Hungarian Prime Minister Viktor Orbán has received praise from Ronald S. Lauder, President of the World Jewish Congress, for his decision not to support a statue in the city of Székesfehérvár to honour the late historian and government minister Bálint Hóman, seen as having played a major role in the process leading to the Holocaust.
The life-size bronze statue of Mr. Hóman, who served as Minister of Religion and Education between 1932-1938 and betwen 1939-1942, was scheduled to be unveiled this month in the city of Székesfehérvár, west of the capital Budapest, with taxpayer funding.
Hungarian Prime Minister Viktor Orbán (L) with Mr. Lauder at the World Jewish Congress, Budapest, May 2013 (photo: nol.hu)
The accomplished expert in mediaeval Hungarian history was sentenced to life imprisonment for war crimes by the People’s Tribunal in 1946 and died in jail in 1951. On 6 March 2015 , he was rehabilitated after ruling by the Metropolitan Court of Budapest. He is also seen as having been a committed supporter of Hungary’s alliance with Nazi Germany and has been under fire for failing to resign his mandate as a lawmaker after the fascist Arrow Cross party seized power and began its reign of terror in late 1944.
“Prime Minister Orbán’s clear statement on this matter comes very late, but it is nonetheless welcome. I thank him for making the standpoint of the Hungarian government very clear: No honors must be given to those who prepared the ground for the mass murder of 600,000 Hungarian Jews by Nazi Germany in 1944.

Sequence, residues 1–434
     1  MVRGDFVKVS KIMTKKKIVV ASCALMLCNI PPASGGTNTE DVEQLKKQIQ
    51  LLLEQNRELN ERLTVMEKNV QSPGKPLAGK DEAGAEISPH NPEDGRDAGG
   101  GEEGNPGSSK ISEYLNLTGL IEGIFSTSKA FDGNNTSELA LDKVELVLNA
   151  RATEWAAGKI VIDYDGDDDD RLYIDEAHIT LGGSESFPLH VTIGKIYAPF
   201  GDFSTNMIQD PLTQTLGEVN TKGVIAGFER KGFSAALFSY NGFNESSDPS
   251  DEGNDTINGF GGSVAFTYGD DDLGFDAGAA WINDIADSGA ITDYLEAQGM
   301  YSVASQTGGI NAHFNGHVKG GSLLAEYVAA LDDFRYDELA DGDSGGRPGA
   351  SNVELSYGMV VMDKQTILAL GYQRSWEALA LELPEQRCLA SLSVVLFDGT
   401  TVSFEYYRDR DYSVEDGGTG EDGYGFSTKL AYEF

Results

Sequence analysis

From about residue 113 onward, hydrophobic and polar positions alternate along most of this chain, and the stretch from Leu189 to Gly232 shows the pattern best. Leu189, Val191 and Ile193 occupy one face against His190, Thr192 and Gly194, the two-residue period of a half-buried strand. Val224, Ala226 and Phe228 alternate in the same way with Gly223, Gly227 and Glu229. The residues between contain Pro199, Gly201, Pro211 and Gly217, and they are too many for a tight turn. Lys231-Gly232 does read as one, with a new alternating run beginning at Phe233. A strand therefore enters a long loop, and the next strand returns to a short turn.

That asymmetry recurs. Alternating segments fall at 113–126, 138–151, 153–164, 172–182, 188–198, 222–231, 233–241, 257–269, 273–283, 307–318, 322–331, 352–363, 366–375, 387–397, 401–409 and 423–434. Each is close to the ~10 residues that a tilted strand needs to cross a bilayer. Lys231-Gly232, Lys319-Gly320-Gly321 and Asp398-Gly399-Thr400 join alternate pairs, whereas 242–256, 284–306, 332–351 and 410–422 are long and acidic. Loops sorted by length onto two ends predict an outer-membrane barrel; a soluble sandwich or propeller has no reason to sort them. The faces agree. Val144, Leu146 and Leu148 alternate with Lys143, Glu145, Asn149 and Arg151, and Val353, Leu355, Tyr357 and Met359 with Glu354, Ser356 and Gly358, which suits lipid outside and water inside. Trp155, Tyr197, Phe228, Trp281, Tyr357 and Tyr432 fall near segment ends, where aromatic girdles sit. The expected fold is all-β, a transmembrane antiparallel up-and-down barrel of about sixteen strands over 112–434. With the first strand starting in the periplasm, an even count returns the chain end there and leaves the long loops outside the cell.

“It would have been a travesty if the taxpayer, including more than 100,000 Hungarian Jews, would have had to contribute toward a statue for a man who not only hated Jews, but who helped actively in their persecution”, Mr. Lauder wrote in a statement published on WJC’s website on Wednesday.
In statements in July and earlier this month, Mr. Lauder had called on Orbán to intervene in this matter and to ensure that this statue was not built with public funds.
He also welcomed welcomed the Hungarian Prime Minister’s Monday statement on his opposition to the erection of statues to honour interwar Hungarian leader Miklós Horthy, under whom Mr. Hóman served.